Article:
On Sept. 18, Reporters Without Borders (RSF in French) addressed the European Parliament's Subcommittee on Human Rights about the current situation in Venezuela in the last weeks before the Oct. 7 presidential elections, the French organization announced on its website.
According to the press organization's statement, the election "epitomized the full range of public, political and media polarization in recent years in Venezuela." RSF went on to stress both public and private media's responsibility for contributing to the enmity in the South American country. RSF's announcement came a week after a violent confrontation at a campaign event for opposition candidate Henrique Capriles and left five journalists injured.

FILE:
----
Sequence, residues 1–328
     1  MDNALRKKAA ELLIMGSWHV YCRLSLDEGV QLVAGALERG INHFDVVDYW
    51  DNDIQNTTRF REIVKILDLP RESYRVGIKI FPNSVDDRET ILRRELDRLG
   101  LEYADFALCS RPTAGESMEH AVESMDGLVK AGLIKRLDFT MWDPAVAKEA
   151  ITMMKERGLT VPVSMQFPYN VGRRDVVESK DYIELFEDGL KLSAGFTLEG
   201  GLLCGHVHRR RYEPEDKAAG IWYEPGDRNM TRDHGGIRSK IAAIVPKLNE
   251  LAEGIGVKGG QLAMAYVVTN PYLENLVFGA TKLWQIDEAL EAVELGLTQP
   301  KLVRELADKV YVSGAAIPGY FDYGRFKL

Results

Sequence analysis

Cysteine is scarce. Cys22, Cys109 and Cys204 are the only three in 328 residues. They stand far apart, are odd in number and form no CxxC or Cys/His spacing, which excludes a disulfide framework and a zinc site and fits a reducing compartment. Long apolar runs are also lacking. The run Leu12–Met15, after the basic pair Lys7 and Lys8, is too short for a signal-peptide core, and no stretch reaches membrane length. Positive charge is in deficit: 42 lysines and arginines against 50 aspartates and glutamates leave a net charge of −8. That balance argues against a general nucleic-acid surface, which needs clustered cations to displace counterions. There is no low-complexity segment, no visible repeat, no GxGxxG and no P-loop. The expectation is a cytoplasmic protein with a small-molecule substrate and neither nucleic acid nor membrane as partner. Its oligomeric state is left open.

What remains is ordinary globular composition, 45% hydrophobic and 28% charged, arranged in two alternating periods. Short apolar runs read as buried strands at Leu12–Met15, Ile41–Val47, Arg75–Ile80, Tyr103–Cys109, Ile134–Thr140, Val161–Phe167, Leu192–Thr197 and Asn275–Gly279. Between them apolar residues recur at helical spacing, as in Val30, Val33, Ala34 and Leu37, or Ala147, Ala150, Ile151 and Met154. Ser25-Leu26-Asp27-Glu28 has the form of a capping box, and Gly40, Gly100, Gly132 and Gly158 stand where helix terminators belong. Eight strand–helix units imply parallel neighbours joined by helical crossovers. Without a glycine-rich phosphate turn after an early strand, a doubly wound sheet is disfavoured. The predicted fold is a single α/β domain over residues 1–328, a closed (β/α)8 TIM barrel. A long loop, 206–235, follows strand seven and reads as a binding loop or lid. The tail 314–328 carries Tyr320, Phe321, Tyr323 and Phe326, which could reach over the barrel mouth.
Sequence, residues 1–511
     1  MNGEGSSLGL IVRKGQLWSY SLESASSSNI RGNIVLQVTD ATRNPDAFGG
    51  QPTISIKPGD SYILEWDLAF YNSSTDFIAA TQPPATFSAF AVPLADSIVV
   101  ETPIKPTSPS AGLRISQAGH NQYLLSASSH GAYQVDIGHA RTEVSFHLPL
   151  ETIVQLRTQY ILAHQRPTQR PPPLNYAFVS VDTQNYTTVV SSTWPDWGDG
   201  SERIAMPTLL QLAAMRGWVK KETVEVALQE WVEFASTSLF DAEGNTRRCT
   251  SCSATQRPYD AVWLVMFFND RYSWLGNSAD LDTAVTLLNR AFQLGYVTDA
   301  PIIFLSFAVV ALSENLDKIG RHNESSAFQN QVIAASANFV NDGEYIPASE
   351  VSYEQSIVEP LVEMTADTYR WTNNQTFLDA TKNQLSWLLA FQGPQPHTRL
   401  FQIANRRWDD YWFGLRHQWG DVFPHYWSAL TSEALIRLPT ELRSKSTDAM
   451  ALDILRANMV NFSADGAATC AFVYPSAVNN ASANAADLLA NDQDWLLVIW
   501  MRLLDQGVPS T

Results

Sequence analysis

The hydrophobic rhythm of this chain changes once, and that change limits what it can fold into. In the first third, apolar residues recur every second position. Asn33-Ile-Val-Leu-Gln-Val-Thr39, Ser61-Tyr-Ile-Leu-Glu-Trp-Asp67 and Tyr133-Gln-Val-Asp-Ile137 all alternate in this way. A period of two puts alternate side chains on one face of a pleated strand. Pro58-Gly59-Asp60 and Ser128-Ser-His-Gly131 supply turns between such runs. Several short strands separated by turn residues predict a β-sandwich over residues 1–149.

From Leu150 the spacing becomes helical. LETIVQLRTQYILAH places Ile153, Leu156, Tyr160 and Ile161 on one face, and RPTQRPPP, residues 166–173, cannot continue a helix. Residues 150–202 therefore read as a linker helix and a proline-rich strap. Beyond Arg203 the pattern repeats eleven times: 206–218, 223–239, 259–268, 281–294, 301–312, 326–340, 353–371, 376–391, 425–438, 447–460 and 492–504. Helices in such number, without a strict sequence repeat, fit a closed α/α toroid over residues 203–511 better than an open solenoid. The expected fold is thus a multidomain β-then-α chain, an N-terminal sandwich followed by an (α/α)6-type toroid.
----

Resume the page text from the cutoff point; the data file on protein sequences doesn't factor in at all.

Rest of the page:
The French press organization cited attacks on journalists like reporter Lorena Benítez of the public television broadcaster VTV and Agence France-Presse photojournalist Geraldo Caso Bizama, among others.
"Reporters Without Borders has registered some 40 cases of attacks of this kind against journalists in the course of 2012. There have also been around ten cases of attacks or sabotage against news media. We condemn not only the attacks themselves, which are serious and often go unpunished, but also the fact that politicians exploit them for propaganda purposes, which just encourages them," the organization posted on its website.
"[F]reedom of information, which Reporters Without Borders has a mandate to defend, and democratic debate have given way as never before to invective, vilification, personal attacks and, too often, physical violence. This is our main reason for concern," RSF said.
Note from the editor: This story was originally published by the Knight Center’s blog Journalism in the Americas, the predecessor of LatAm Journalism Review.